Taking it All in Stride

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Ask anyone who isn’t a horse person about the foxtrot, and they’ll likely talk about a smooth, progressive dance with long, flowing movements. In the foxtrot dance, dancing partners glide across the floor. Ask anyone who knows about Missouri Fox Trotters, and they’ll speak similarly of the gait the breed is known for, with horse and rider as the dancing partners.

In the foxtrot gait, the horse walks with his front legs and trots with his hind legs. It’s a diagonal, four-beat gait, with the front foot hitting the ground just before the opposite hind foot. The back feet move in a sliding action, rather than up and down.

In addition to the foxtrot, Missouri Fox Trotters have: a four-beat, flat-footed lateral walk that can take place at considerable speed; a slow four-beat trail walk; and an expressive, three-beat rocking-horse canter. The breed has a large stride but remains surefooted, even on rough terrain.

**For the full article, pick up the September 2007 issue of HORSE ILLUSTRATED.**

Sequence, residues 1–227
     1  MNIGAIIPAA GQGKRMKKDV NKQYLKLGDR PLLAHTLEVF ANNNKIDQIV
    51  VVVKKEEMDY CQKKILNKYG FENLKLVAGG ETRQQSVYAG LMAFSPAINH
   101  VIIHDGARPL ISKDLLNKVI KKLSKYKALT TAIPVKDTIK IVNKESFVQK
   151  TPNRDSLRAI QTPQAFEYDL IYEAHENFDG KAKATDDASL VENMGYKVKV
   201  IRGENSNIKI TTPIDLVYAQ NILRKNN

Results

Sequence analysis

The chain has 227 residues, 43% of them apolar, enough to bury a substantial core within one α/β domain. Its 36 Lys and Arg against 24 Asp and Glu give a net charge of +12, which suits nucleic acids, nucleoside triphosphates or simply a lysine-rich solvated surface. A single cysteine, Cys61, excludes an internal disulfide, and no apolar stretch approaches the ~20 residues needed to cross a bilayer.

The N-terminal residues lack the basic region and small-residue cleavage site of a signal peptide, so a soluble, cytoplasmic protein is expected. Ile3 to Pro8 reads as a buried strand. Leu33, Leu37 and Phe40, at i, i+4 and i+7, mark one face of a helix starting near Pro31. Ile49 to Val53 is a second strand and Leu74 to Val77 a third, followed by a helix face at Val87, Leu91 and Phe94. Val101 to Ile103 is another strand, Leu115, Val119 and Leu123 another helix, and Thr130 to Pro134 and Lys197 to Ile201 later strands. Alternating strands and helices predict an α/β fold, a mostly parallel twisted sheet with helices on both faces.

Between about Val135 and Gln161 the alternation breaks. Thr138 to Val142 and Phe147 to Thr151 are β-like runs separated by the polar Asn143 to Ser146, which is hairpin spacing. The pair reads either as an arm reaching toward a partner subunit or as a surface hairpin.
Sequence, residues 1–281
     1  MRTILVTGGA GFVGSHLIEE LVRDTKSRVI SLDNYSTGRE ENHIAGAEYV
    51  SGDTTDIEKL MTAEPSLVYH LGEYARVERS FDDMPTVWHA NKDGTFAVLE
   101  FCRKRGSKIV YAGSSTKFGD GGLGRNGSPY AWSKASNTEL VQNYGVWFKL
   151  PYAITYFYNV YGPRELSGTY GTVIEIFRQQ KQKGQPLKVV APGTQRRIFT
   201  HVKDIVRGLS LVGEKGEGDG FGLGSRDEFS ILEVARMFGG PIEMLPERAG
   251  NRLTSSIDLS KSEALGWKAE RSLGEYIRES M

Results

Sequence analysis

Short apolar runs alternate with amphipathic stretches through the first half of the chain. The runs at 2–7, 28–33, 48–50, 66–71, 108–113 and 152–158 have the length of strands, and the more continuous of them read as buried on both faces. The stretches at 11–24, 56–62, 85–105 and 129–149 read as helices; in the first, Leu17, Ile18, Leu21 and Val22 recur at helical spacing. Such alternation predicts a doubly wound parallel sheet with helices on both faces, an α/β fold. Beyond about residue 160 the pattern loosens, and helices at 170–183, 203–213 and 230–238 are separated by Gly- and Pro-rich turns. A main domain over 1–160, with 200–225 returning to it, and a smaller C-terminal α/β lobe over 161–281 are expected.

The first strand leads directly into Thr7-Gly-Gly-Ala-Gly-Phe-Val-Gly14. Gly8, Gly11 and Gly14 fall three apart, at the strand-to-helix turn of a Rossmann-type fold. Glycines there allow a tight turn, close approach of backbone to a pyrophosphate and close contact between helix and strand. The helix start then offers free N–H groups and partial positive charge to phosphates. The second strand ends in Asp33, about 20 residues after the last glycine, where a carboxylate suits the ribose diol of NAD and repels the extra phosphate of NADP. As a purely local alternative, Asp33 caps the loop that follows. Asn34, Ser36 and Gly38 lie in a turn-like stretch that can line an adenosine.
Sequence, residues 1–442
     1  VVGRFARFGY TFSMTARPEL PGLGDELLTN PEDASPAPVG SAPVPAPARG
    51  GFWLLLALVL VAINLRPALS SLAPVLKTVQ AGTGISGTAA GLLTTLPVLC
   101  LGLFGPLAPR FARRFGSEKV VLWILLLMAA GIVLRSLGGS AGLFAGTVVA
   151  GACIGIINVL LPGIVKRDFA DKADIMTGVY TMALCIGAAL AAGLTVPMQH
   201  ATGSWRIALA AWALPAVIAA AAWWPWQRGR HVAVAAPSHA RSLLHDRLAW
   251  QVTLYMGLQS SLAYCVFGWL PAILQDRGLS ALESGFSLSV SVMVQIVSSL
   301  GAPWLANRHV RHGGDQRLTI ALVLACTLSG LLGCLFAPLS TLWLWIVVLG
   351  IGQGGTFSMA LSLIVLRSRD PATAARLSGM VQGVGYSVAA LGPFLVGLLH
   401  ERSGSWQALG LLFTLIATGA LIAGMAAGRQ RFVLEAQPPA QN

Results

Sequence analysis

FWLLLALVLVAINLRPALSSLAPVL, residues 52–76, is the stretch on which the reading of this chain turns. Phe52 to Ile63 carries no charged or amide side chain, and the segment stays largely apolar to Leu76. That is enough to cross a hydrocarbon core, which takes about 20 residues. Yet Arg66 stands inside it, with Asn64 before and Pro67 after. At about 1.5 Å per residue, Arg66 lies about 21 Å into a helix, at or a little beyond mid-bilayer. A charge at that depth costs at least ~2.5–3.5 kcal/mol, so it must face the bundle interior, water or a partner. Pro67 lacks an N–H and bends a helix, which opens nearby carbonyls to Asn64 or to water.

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3 COMMENTS

  1. I wish that the part of the article that was shown had more info. so that I could better tell if I want to subscribe to the mag. I have a Missouri Foxtrotter and would like to see more written on them.

  2. I did not buy this issue,but I did review it in the store.The photos used of the Missouri Foxtrotter were in my opinion and that of several others,were not very good ones.I do not feel they showed the breed to its’ best advantage,and the horses used were just not representative of the breed.Our Association brought this out in the latest issue of the Journal of the MFT which is mailed to all members.They were not allowed to preview the article and photos,and when one board member looked at the photos and asked the author if they could submit some different photos,she was told “no.”
    I do not feel this is fair to our breed.You always represent all breeds in your magazine with full spreads,the best photos,and an excellent fold out.I did see the pictures and compared to your other breed spotlight articles,especially Nov.of the Paint Breed,this made the Missouri Foxtrotter Horse look shabby and cloddy.
    Have you ever seen our show horses? Have you personally been to Ava,MO to the World Celebration and seen these horses perform in the ring and versatility? I doubt it.
    I do not wish to buy your magazine any longer and certainly would not consider subscribing to it.In a time when the horse market in general is in a depressed state,I feel you did nothing to represent a breed that those of us who own are as proud of as any Quarter Horse,Paint horse,or any other breed owner is.
    I thought the article very poorly done and in bad taste.

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